Al-Shabaab – the Somalia-based branch of al-Qaeda (AQ) – currently controls less territory and fewer ports than in years prior, but will likely be able to sustain itself by exploiting the country’s economic activity. Al-Shabaab probably will see its funding grow in years to come as the African Union Mission to Somalia (AMISOM) campaign draws down. The group most likely makes high tens of millions of dollars a year,2 but earned up to $100 million a year as late as 2011, before AMISOM recaptured much of southern Somalia.3 The group’s funding comes primarily from an extensive taxation system. Taxes on sugar and livestock were increasingly important to al-Shabaab in 2016, as taxes on charcoal declined.
Al-Shabaab’s current lack of port access makes smuggling and taxing shipments more difficult, though corruption within the Kenyan army controlling southern Somalia allows such activities to continue.
The group’s diverse income stream includes money from foreign donations, kidnapping, and extorting humanitarian organizations. The group’s focus on low-cost terrorist and insurgent operations, rather than formal state-building, allows it to stretch resources.
Al-Shabaab formed in the early 2000s as a component of the Islamic Courts Union (ICU). The ICU grew from a merger of sharia courts in Somalia that arose to keep order in the anarchic aftermath of the overthrow of dictator Siad Barre in 1991.After this merger, the remnants of an anti-Barre militant group re-formed as the youth wing of the ICU, naming themselves al-Shabaab (“The Youth”).
In 2006, the ICU gained control of Mogadishu and surrounded the remnants of the UN-recognized Transitional Federal Government.10 Fearing that the ICU’s influence would spill over the border, Ethiopian forces invaded Somalia and took control of Mogadishu in late 2006.This led to the dissolution of the ICU but energized al-Shabaab, which regrouped in southern Somalia.
By 2009, al-Shabaab had grown stronger, capturing parts of Mogadishu and much of southern Somalia, including the vital port city of Kismayo. In 2012, AQ formally recognized al-Shabaab as an official branch. Al-Shabaab then gained worldwide notoriety for its massacre of civilians at Nairobi’s Westgate mall in 2013, and again at Kenya’s Garissa University in 2015.
Although al-Shabaab’s conventional military strength has declined in recent years due to a 2012 split with an affiliated group, Hizbul Islam, and AMISOM offensives, the group has broadly increased its sophistication and the number of its terrorist attacks. In early 2017, despite the loss of its main ports and some defections to the Islamic State (IS), al-Shabaab began to re-expand following the withdrawal of Ethiopian troops supporting the AMISOM mission.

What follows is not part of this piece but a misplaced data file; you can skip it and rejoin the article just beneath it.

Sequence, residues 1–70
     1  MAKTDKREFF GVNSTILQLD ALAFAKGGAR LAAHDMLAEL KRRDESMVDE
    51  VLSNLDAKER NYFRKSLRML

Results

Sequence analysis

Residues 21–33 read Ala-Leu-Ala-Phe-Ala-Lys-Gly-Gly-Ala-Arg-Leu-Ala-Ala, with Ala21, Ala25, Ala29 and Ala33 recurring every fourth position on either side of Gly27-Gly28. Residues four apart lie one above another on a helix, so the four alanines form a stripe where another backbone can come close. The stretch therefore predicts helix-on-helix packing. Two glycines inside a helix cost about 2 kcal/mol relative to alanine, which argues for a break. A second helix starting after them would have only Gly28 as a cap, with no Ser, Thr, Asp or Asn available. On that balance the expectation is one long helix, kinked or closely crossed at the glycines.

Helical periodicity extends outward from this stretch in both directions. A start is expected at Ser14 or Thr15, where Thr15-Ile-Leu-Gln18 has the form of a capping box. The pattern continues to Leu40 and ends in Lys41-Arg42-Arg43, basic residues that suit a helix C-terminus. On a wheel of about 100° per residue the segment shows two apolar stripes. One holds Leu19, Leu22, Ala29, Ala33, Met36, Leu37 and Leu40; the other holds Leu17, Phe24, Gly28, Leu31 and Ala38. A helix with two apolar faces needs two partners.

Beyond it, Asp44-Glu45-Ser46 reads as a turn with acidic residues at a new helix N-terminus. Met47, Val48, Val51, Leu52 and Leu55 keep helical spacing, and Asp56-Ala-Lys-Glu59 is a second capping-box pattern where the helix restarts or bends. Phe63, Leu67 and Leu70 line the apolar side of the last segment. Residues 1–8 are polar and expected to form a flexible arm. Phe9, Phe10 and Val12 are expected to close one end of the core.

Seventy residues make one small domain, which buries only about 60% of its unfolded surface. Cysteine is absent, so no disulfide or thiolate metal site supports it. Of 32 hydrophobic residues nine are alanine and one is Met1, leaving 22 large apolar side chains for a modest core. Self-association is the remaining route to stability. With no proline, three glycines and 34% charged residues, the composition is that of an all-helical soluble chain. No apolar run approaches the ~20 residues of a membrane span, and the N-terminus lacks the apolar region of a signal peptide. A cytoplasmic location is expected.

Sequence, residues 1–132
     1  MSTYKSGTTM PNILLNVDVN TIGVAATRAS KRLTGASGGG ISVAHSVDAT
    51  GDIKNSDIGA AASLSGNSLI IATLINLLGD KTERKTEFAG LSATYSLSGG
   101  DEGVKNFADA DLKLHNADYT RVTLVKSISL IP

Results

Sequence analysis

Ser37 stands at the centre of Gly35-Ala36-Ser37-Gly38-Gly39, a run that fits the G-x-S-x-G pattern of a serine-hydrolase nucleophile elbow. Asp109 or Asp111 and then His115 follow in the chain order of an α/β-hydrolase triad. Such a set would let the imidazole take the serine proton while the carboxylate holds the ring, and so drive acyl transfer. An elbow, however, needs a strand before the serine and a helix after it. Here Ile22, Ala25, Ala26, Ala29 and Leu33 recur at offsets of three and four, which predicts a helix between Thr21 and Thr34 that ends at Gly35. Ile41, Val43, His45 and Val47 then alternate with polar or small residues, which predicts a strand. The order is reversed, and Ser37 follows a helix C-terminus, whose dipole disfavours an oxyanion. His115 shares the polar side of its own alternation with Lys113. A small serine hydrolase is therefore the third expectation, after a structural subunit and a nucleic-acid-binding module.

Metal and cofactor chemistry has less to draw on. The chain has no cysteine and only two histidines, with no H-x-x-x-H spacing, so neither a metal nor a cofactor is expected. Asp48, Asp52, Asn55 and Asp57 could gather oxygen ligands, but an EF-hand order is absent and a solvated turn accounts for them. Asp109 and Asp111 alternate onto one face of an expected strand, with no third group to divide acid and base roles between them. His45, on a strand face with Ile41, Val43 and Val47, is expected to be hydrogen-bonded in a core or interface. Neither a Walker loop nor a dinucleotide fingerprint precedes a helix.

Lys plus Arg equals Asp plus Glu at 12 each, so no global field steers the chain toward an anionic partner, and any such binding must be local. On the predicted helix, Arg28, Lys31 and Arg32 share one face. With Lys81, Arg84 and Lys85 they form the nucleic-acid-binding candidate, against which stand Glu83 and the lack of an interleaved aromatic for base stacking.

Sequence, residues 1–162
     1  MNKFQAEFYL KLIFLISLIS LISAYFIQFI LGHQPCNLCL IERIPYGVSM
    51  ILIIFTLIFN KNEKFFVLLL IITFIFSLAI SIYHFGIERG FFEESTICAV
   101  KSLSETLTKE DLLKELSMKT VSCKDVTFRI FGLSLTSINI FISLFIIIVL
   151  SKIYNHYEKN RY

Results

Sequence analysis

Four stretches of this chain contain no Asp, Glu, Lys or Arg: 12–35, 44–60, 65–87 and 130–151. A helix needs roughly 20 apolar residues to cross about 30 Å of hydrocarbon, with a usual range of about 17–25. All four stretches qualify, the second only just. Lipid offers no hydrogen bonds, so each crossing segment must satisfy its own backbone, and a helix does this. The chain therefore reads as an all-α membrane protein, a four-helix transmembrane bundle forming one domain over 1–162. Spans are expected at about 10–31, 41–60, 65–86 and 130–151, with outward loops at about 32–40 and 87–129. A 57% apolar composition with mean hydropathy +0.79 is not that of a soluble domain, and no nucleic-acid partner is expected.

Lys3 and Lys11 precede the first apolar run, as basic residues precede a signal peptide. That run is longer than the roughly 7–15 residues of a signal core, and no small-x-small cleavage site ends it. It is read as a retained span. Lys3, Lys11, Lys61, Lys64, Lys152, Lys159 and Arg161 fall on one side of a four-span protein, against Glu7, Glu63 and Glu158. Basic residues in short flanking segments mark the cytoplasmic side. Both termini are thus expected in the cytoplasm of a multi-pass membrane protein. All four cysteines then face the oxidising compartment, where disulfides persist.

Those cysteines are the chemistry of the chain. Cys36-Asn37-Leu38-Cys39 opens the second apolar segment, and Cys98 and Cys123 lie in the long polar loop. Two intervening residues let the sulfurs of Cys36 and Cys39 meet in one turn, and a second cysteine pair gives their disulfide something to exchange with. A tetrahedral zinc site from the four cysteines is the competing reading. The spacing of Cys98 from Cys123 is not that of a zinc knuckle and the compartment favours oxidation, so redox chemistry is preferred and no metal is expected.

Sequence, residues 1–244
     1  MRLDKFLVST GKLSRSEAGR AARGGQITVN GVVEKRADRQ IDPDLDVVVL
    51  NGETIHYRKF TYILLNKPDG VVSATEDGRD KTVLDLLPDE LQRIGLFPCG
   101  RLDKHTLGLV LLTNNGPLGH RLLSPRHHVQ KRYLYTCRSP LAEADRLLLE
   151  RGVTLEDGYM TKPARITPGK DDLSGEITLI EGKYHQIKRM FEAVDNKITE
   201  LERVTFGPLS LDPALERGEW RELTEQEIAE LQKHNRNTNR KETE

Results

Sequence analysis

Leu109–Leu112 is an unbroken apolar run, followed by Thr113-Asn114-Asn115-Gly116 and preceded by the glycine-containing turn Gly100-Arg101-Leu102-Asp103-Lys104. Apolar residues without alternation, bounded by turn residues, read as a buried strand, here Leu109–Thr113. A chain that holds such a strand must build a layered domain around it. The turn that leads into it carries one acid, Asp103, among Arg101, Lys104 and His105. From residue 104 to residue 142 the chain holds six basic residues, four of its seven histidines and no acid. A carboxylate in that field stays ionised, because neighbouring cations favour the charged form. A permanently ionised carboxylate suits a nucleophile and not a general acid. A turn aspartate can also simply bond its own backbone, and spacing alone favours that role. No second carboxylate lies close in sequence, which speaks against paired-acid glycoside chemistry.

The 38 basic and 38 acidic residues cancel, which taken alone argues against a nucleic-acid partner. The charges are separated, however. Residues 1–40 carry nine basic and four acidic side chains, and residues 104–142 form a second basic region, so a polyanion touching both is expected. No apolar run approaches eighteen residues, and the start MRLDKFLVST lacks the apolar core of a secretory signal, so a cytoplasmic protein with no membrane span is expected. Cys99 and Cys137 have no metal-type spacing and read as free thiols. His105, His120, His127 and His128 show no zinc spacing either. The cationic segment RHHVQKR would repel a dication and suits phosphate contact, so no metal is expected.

The group is active in Kenya, around Mogadishu, and in rural areas in southern Somalia. Al-Shabaab has recently shifted some operations to northern Somalia, likely in hopes of deepening its ties to al-Qaeda in the Arabian Peninsula (AQAP).
Access to Banking System
Al-Shabaab has little access to conventional banking outlets, and thus extensively uses the hawala system, money transfer services, and cash couriers. The banking system in Somalia is so weak that foreign countries often transact with the Somali government in cash. As a result, a large proportion of citizens rely on mobile money services to transfer money and pay bills. Some al-Shabaab funds may interact with the banking system through these services. Indeed, al-Shabaab sympathizers in Kenya have been known to fund the group through mobile payment systems, which are ubiquitous in Kenya and often interact with the banking sector by depositing customers’ funds in commercial banks. In 2010, fearing the potential for foreign interdiction and a loss in tax revenue, al-Shabaab banned mobile banking in areas it controlled. However, al-Shabaab eventually dropped its opposition to mobile money.
In 2012, the UN sanctioned an al-Shabaab-linked individual for the 2010 creation of an anonymous mobile money network, ZAAD, that the group likely used to transfer and pay funds. By late 2014, the group frequently received extortion payments through mobile banking services, and by 2016, the group “abandoned its previous reticence to using mobile money” and paid most of its salaries with mobile banking.Th ough Somali money service businesses typically have some degree of regulation, the weakness of counter-terror finance protections led most U.S. banks to end banking relationships with Somali entities in 2015. Following the attack at Garissa University in 2015, Kenyan authorities closed 13 Somali-run money transfer businesses in Kenya46 and froze “dozens” of bank accounts believed to be linked to the group. A recently-formed Somali financial intelligence center will struggle to combat terror finance given its small staff and weak compliance systems.
Al-Shabaab has benefited from Somali businessmen who maintain banking relationships in the Gulf. These businessmen voluntarily fund al-Shabaab through a process known as trade-based money laundering, where, for example, they overestimate the value of imported charcoal from Somalia and underestimate the value of exported sugar to Somalia. This money laundering goes through bank accounts in the Gulf states. Further, al-Shabaab-linked businessmen in Somalia may sustain their trades by moving money from Somalia to bank accounts in Dubai through hawala brokers, and then by using those accounts to buy and import the goods they sell to Somalia.
Read more: Al Shabaab Financial Assessment
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